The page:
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This column was reprinted by permission of L. Brent Bozell and Creators Syndicate. To reprint this or any of his twice weekly syndicated columns, please contact Creators Syndicate at (310) 337-7003 ext. 110





 L. Brent Bozell


Bill Clinton's Round Of Shoe-Shines

by L. Brent Bozell III
September 21, 2005
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Bill Clinton has stepped back into the spotlight for the latest round of public yak-yak. His foundation created something grandly called the "Clinton Global Initiative," a hot-air meeting of monarchs and global bureaucrats. He granted interviews to ABC, NBC, and CNN, and all three networks genuflected before him on cue.

Let's first dismiss the "news" that emerged, because it was another Clintonian yawner. Clinton bashed President Bush for supporting tax cuts and accused Republicans of intentionally lowering living standards for our children. In other words, it was the same old class warfare, Democrat-style, and worse. Clinton just can't stay in the shadows, and can't resist the urge to build himself up every five minutes by saying everything's gone sour since he left.

So how did his interviewers react to the same old nothingness? They blurred into a faceless mob of obsequious flatterers and publicists. Start with George Stephanopoulos at ABC. This interview served mostly to remind us that the Disney people thought the best "news" people to cover the Clintons were his former paid staffers.

Stephanopoulos began by agreeing with his old boss about the inevitable need for tax hikes: "You say roll back the tax cuts for the wealthy. [Bush] says no tax increase of any kind. We're spending $5 billion a month in Iraq, probably $200 billion on Katrina. Something's got to give." Clinton answered: "That's what I think." So much for the pretense of an interview. Stephanopoulos also asked liberal questions like whether Clinton agreed with alleged Republican Chuck Hagel that Iraq was a disaster, and what the Democratic bumper sticker should say in 2008.

It must be acknowledged that the old Clinton bimbo-patroller was the only TV questioner who came anywhere close to challenging Clinton, asking vaguely if there's anything more he could have done as president on disaster relief, or race relations. Clinton's answer suggested one reason why liberals don't give him tougher questions. He quickly grew boastful, and ridiculous. "We moved 100 times as many people out of poverty in eight years as had been moved out in the previous 12 years," he huffed. That's too comical to correct - and for Stephanopoulos, too delicious to challenge.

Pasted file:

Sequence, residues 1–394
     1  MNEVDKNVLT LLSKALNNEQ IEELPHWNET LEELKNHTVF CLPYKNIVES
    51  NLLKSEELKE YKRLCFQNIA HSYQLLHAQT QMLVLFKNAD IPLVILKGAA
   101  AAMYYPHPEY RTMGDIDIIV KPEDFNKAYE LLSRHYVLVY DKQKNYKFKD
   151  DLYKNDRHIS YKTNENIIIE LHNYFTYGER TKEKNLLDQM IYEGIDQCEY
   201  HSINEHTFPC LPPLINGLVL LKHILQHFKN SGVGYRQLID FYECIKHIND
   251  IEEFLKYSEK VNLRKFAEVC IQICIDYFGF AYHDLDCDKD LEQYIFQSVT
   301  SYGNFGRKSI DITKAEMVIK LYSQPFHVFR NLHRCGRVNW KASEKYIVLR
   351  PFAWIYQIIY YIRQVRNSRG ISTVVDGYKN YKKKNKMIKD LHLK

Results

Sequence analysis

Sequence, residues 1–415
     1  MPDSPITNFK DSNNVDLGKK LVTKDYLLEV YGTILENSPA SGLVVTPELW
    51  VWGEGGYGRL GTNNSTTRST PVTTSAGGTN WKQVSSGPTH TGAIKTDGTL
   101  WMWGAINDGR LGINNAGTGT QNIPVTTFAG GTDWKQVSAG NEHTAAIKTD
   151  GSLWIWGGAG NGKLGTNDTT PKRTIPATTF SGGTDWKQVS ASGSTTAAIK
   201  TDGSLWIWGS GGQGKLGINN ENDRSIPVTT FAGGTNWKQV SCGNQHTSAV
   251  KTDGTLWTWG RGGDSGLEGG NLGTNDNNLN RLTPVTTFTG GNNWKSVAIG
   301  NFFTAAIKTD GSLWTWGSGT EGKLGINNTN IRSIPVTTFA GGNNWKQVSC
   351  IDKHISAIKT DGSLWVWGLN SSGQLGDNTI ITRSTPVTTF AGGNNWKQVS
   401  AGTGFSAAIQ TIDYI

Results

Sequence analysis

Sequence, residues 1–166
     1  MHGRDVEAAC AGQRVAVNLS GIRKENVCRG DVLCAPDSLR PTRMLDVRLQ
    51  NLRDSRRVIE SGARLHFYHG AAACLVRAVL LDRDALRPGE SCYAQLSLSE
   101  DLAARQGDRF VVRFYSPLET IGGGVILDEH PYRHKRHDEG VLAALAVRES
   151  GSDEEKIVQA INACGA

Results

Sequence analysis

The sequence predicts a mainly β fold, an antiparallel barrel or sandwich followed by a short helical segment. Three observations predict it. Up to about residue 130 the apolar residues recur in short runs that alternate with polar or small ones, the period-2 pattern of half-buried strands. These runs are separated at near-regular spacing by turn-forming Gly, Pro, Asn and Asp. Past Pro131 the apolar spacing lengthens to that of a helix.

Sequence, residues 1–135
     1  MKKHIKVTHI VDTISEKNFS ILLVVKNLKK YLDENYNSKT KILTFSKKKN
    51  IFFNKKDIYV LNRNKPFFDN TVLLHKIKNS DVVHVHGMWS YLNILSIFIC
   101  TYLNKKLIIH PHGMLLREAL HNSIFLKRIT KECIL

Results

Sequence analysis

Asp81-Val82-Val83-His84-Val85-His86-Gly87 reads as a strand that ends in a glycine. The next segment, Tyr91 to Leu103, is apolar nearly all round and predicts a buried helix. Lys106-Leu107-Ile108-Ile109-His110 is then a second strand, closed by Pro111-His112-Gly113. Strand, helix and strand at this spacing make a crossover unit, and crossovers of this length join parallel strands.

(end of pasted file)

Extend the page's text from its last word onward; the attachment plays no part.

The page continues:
The best question of the Clinton-coddling weekend came when Stephanopoulos wondered why, if Republicans voted for his Supreme Court nominees in large numbers despite their ideological disagreements, why shouldn't Democrats do the same for John Roberts?

Unfortunately, when Stephanopoulos said "full disclosure, I worked for President Clinton from 1991 through 1996," that was not a full full-disclosure. If Stephanopoulos had really offered full disclosure, he would have told ABC viewers that he was working with Clinton the day before the interview aired, when he served as moderator for a panel discussion on interfaith dialogue for Clinton's Global Initiative. He wasn't alone. Fareed Zakaria of Newsweek, a regular panelist on ABC's Stephanopoulos spectacle, moderated a Friday session of Billfest.

CNN glorified Clinton at least twice. There was the obligatory Larry King interview on Friday night, with toughies like, "How did the idea for a global initiative begin?" On Saturday night, CNN devoted an hour-long special to "A Global Summit," with Clinton playing President of the World. Christiane Amanpour inquired: "What is the solution for stopping nearly a billion people around the world having to struggle on less than $1 a day?"

NBC also took advantage of two chances to puff Clinton. On Friday morning,"Today" host Matt Lauer made time for the tax-hike plug: "what sacrifices would you ask the American people to make to pay those bills?"

But the real disappointment in all of this was Tim Russert, the man usually armed with 200-word questions that include large Devil's-Advocate lumps of text designed to pin down the guest. The regular Russert viewer had to wonder if Russert had made delicate negotiations to secure the Clinton interview, with Clinton's main stipulation being "beg, and roll over."

Every Russert question was a quick sentence, and every Clinton answer seemed to go on, and on, and, endlessly, Clinton-style, on. I'm not kidding: you could put the Larry King interview and the Tim Russert interview side by side with the names scratched out, and not be able to tell the difference. Russert even ended with jokes, asking if Clinton would join the "Denis Thatcher Society" when we elected President Hillary.

The public deserves better. If Clinton's going to pull out the brass knuckles, then shouldn't the questions be tougher than the typical cotton candy? If he's so cosmically brilliant, why not throw him a mental curveball? We're not asking for thumb-screws or polygraphs or DNA tests, just a question tougher than "tell us how you're saving the world today."

The networks do not come to question him. They come to offer shoe shines, back rubs, and the telepathic message "wish you were still in charge, big guy."


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